In the 5 Ps of navigating season changes, Place is very important. You need a Place or a cause that keeps you distracted from worrying about your young adult children. In this stage of their lives, they are looking for mentors, not moms. What if, for your Place or cause, you learned to be a mentor, a “mom-tor”–and with your new skills, attracted your own kids?
The surprising characteristics young adults are looking for most from their mentors!
In a recent survey of potential mentees, I asked the question:
What do you look for in a mentor?”
The answers I received were as varied as the people who responded, but one thing surprised me. Not because it was there–but because it wasn’t there.
Most people say “I’m not qualified to be a mentor.”
Not a single survey indicated that “expertise” was important. I am not certain if they assumed there was already a level of expertise, or if expertise is secondary. But clearly, it wasn’t top of mind.
My informal survey reveals that young adults look for the following characteristics:
- holds me accountable
- advocates for me
Look closely at the list. These qualities come down to two factors: love and trust. This is what our kids, your kids, are already looking for, but where are they looking?
In our present, fast-paced world, we all want Google-paced answers.
With all the data available to us, nearly every time a young adult hits the enter key at Google, they are asking for a mentor – FAST.
They by-pass the love, because they trust Google.
“Please, Google, how do I treat this paper cut?!” and then remedies they might discover could be death by infection, or grounds for a workers’ comp claim. A true friend, someone who loved them, might hand them a tiny bandage and say, “Suck it up, Buttercup! You’ll be fine.”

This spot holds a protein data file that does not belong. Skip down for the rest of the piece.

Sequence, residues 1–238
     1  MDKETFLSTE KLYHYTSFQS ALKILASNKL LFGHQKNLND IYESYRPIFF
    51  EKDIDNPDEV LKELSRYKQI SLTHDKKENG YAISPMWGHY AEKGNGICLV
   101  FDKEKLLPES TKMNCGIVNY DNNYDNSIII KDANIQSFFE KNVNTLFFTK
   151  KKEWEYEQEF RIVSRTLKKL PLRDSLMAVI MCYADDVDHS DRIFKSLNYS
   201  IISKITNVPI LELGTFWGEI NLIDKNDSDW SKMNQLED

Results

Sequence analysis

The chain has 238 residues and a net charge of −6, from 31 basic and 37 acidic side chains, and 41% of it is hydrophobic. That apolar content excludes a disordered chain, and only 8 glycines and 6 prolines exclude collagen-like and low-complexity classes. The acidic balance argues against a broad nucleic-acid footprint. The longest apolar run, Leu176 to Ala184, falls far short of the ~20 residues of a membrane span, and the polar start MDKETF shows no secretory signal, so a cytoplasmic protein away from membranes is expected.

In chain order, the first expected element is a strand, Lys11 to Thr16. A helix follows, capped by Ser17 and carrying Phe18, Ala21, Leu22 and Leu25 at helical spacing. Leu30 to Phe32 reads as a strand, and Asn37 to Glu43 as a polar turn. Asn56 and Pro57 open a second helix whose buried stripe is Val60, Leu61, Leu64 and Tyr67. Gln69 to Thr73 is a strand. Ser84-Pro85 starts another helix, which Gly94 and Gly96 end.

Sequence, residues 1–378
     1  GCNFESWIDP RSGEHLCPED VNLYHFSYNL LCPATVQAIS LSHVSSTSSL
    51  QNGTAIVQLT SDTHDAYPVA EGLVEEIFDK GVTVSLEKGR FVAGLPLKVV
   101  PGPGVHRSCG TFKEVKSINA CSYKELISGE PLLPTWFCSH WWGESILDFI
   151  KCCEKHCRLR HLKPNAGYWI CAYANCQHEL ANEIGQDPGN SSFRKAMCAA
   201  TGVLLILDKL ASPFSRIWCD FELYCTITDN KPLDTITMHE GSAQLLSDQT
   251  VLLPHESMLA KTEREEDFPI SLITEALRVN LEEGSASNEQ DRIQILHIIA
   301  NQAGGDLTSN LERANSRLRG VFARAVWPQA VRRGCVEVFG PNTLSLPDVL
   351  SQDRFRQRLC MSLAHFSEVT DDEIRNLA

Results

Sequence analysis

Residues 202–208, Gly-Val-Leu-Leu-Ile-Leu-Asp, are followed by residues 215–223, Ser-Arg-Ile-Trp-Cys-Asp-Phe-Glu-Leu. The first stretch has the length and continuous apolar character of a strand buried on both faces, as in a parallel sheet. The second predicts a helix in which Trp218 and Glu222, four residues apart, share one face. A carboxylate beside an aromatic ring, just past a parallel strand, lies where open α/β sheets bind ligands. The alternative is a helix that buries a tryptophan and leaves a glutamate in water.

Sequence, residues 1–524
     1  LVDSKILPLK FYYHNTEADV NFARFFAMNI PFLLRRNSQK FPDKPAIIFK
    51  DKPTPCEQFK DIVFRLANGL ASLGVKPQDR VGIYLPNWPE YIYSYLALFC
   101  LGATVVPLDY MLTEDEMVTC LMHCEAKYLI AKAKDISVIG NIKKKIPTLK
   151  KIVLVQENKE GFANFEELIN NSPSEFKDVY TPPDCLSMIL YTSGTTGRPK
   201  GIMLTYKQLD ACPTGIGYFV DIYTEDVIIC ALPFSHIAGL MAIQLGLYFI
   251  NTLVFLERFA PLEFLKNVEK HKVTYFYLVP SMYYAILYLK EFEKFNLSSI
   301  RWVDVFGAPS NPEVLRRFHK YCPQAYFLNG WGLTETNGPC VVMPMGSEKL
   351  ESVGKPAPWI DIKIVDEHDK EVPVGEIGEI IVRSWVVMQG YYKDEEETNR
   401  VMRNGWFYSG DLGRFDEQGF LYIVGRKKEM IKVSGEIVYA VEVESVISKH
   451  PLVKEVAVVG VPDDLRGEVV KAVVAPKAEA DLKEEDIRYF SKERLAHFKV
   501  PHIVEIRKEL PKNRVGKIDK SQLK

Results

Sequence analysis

As wonderful and efficient as it is, Google, is no substitute for the love of a friend. That still only comes from humans. In practice, seeking help from online sources actually circumvents the process of developing love and trust with a human who may have practical, real life answers.
A cool, ancient example:
There is the best example of friendship between David and Jonathan in the Bible we can learn from. It says:
“By the time David had finished reporting to Saul, Jonathan was deeply impressed with David—an immediate bond was forged between them. He became totally committed to David. From that point on he would be David’s number-one advocate and friend.” (1 Samuel 18:1)
Jonathan and David’s story of brave friendship begins with Step One: Observation. Jonathan was impressed with who he observed David to be. Later in the story, we see how their friendship deepened to Step Two: Shared Experiences. Had Jonathan lived, I think we would have seen Step Three: Mentorship.
In Real Life
Step One: Observation: While a young adult is observing a potential friend or mentor, they look for the first three traits from my informal survey: relatable, available and authentic.
Step Two: Shared Experience: Coffee, a walk, a quiet conversation is a shared experience, which provides an environment where the next traits blossom in my informal survey: understanding, inspiration and encouragement. Those characteristics are foundational for Step Three.
Step Three: On-going Mentorship: The next step is follow up, time together, or just hanging out. And that is where the last two traits on my informal survey happen: accountability, and advocacy.
Who might be observing you right now?
Someone, perhaps even your own adult child, may be observing you as a prospective mentor right now. You don’t have to be an expert. Something intrinsic about you just needs to fit when she listens to you talk. How do you grow that conversation organically to Step Two: Shared Experience? It could be as simple as offering to buy her a cup of coffee. In that setting you can inspire, encourage and understand.
If you don’t have a Place yet, and you think you might like to reach out and make yourself available to a young adult–even if it’s your own young adult–Check out Mentor Prep Academy! In just over an hour, you can have all the mentoring tools I use to gain the love and trust of young adults.